Wegmans School of Pharmacy Students Participate in Deaf Strong Hospital Program
On Thursday, October 22, the Wegmans School of Pharmacy administered the Deaf Strong Hospital program for its students. The program, which is the only one of its kind in the country, is a role-reversal exercise that involves students consulting "health providers" who are actually members of the local deaf community. The goal of the program is to teach students patience and empathy, characteristics which will serve them well in their future careers as pharmacists.
The event was broken down into multiple parts. First, the Deaf Strong Hospital role-reversal exercise was conducted. Students were given cards that described their "illnesses," and they navigated through doctor's offices, the ER, or the pharmacy, depending on their scenario. The key was that they were not allowed to use their voices.
Next, a panel of deaf community representatives discussed their experiences within the healthcare system. They provided suggestions for improvements, and told the pharmacy students about issues they might need to consider as providers.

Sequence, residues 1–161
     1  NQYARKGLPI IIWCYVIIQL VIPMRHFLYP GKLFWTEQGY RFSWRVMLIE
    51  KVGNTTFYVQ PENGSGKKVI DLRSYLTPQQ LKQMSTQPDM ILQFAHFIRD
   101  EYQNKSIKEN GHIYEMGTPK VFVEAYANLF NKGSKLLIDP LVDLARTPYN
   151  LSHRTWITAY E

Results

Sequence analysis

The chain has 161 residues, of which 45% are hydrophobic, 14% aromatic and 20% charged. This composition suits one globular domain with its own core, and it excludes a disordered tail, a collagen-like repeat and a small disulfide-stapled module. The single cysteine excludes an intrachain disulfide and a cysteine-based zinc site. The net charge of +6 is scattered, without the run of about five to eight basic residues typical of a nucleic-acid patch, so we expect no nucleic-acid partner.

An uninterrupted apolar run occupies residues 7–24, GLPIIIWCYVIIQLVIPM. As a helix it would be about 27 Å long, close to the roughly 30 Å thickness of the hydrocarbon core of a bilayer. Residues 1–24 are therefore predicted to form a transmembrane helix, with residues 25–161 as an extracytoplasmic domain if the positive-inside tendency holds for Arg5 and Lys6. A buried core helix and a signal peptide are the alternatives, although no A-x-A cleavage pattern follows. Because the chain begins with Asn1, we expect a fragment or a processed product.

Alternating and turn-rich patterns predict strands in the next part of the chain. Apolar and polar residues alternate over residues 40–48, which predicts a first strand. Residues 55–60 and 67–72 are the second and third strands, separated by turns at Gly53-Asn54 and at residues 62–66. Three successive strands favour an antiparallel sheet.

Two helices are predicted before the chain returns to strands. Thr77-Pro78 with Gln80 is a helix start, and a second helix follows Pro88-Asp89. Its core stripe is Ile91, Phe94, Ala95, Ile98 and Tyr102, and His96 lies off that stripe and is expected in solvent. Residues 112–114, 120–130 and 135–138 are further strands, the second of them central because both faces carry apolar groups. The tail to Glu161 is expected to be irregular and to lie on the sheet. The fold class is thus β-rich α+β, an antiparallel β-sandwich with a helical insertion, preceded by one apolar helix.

The program ended with a debriefing session, during which participants were divided into small groups made up of a deaf community member, a faculty member, an interpreter, and 7-8 students. The students were encouraged to discuss what they learned from the experience, and share their thoughts and comments.
Deaf Strong Hospital was made possible through collaboration with the National Center for Deaf Health Research, and the Deaf Health Community Committee. These groups assisted the School of Pharmacy by preparing all of the written scenarios, recruiting volunteers, and completing much of the organization and set up for the event.